Weston-super-mare, Aug 2017
After the prolonged darkness of Lock and Code’s first game, I was looking forward to a nice well-lit room for their Alchemist game, and my heart sunk when we were passed a set of torches once again. Fortunately the light levels were a lot more friendly this time, with torches provided more as an aid than as a necessity.
Your goal is to find the Philosopher’s Stone and liberate it from its nefarious creator before he uses it to achieve immortality. You also need to escape, and for once this doesn’t automatically follow on from the main objective – you may find a way out some time before getting the Stone, or vice versa.
It’s a pretty room, lit by candlelight and filled with slightly steampunk pipes and mechanisms as well as astrological and alchemical diagrams and paraphernalia. (The battery-powered candles turned out to be superior to most of the torches we’d been given, in fact, and we soon abandoned the latter for the former.)
Given the theme, some matching up of arcane symbols is only to be expected. Spicing it up is a variety of puzzles using a little more physical interaction, including a lovely home-made skill puzzle. There’s a clear step forwards from their first game in the technology and ambition of the design here, and the components are built with skill.
Hints are provided by a nice custom mechanism, and must be ‘bought’ with gold coins that you find as you progress. Naturally we refused to use any at all, and our stubbornness earned us one or two free hints where the operator wisely judged that we really ought to be using a coin. One of those was for a larger puzzle near the end which tripped us up for a while since we didn’t realise we were trying to solve it with incomplete information.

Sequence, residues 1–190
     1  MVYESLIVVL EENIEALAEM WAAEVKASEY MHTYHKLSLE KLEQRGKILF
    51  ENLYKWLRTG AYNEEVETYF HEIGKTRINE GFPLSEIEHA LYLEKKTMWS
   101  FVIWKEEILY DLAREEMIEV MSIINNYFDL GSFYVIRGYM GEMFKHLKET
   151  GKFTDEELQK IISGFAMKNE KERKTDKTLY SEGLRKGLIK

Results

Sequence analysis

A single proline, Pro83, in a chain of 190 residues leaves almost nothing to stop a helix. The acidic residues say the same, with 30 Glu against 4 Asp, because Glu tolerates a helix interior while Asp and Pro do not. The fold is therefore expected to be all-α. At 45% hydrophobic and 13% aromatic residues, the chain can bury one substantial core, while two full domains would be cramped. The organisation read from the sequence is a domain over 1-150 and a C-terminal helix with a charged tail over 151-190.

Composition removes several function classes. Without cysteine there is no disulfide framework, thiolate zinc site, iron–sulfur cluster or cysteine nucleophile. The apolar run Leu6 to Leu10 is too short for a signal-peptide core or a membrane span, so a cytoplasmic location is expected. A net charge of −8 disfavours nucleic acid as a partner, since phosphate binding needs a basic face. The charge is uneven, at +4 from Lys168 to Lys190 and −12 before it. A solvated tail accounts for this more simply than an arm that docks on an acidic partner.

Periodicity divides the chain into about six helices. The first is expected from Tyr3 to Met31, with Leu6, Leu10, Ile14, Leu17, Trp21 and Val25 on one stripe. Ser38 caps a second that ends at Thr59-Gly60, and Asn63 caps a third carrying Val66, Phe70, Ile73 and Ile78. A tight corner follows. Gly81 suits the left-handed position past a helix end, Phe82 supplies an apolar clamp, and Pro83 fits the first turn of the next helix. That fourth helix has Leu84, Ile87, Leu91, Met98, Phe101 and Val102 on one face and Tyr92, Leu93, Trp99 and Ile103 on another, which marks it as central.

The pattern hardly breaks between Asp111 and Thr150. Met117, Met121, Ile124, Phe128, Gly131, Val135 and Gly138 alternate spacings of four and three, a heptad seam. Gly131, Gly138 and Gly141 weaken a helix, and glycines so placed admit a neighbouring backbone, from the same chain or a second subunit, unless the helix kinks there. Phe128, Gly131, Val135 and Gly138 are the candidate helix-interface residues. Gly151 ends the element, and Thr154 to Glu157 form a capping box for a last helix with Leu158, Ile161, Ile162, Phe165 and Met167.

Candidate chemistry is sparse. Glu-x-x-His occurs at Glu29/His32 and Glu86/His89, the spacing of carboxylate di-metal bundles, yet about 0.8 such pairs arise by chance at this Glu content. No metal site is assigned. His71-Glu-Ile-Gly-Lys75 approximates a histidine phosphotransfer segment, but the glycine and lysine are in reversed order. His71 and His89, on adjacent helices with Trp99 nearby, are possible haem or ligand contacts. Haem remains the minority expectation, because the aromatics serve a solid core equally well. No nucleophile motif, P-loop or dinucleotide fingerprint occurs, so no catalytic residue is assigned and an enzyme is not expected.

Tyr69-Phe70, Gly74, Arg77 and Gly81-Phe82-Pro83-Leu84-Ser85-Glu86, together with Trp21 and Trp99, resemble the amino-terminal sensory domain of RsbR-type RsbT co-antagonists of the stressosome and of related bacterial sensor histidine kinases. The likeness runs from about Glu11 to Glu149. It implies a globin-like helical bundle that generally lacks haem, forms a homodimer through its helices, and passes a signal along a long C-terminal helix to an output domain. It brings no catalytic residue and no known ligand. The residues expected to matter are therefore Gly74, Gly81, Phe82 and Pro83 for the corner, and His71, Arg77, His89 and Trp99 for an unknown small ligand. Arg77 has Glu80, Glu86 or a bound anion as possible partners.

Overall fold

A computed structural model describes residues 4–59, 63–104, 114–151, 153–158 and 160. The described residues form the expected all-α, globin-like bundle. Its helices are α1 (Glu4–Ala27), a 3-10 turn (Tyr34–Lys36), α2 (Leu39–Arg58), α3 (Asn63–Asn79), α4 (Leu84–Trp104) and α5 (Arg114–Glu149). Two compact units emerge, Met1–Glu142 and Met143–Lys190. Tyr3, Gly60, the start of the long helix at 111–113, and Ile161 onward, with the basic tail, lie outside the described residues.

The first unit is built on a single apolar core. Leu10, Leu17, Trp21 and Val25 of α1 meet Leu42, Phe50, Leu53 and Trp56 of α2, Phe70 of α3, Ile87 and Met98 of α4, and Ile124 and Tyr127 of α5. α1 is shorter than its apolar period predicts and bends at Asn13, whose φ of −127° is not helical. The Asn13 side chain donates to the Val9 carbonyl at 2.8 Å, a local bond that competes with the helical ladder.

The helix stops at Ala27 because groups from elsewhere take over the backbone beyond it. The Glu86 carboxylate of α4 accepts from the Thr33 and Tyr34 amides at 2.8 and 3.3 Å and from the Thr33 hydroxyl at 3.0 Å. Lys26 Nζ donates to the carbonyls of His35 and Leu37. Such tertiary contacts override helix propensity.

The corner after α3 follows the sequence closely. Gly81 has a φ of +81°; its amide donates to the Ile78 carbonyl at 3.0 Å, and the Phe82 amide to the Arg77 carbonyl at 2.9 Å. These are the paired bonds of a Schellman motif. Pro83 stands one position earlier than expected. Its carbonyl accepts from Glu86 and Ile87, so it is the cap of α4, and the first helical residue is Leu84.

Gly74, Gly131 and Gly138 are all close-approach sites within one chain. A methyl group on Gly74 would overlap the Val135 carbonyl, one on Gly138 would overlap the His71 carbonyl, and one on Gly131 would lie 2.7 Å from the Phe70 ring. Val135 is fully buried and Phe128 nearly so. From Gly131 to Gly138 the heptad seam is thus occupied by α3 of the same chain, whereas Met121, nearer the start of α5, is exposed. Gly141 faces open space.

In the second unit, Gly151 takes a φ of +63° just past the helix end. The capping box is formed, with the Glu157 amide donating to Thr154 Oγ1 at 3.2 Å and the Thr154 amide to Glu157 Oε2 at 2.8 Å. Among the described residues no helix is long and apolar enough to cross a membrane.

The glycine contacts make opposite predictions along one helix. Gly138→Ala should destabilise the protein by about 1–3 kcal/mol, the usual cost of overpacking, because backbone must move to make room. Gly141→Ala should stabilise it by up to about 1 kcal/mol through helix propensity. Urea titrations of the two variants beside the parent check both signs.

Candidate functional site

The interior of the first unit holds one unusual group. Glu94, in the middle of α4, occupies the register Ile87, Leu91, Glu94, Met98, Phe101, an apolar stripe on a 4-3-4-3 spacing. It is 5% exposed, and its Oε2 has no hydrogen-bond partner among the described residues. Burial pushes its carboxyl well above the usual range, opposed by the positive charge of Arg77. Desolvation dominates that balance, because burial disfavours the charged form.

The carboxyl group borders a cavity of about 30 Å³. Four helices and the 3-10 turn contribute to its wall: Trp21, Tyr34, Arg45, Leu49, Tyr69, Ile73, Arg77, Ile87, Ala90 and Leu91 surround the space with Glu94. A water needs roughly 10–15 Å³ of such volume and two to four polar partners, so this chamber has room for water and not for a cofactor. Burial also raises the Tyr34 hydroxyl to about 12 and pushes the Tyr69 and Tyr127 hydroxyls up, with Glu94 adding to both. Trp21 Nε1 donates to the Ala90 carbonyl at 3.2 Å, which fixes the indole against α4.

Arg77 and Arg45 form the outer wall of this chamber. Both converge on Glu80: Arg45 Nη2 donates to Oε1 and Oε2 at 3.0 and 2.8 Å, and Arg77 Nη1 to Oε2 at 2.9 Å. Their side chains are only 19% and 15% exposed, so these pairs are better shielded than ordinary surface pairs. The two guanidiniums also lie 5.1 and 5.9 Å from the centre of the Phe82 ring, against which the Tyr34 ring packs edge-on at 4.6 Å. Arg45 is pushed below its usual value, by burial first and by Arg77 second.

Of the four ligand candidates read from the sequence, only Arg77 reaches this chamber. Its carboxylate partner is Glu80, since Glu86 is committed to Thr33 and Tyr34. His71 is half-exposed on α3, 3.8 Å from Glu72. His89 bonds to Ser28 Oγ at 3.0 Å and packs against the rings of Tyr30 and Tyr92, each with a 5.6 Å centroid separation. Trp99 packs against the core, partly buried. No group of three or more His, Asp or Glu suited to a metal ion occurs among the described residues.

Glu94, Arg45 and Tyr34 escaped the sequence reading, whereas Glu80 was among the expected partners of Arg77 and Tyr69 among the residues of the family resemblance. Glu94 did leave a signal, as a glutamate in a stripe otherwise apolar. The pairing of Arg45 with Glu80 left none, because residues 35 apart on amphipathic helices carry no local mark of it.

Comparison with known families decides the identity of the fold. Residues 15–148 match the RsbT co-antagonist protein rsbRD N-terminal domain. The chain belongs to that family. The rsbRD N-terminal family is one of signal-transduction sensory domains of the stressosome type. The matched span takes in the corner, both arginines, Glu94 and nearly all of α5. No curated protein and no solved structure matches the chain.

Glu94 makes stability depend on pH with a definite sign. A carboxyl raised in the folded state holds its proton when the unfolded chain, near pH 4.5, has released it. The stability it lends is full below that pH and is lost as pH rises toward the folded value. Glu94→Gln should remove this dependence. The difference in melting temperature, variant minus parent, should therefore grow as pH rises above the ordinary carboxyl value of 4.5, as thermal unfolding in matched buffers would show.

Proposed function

Alchemist’s Enigma struck me as a fairly bread-and-butter escape game, but one with plenty to recommend it: nice appearance and construction, several clever touches like the hint system, and plenty of fun ideas used to build the puzzles. I almost always enjoy games more at small, enthusiast run venues, because the games tend to have that little extra bit of personalisation or idiosyncrasy, as well as a host who’s that much more passionate about the game they’re running, and Alchemist had those advantages as well as straightforward solid game design.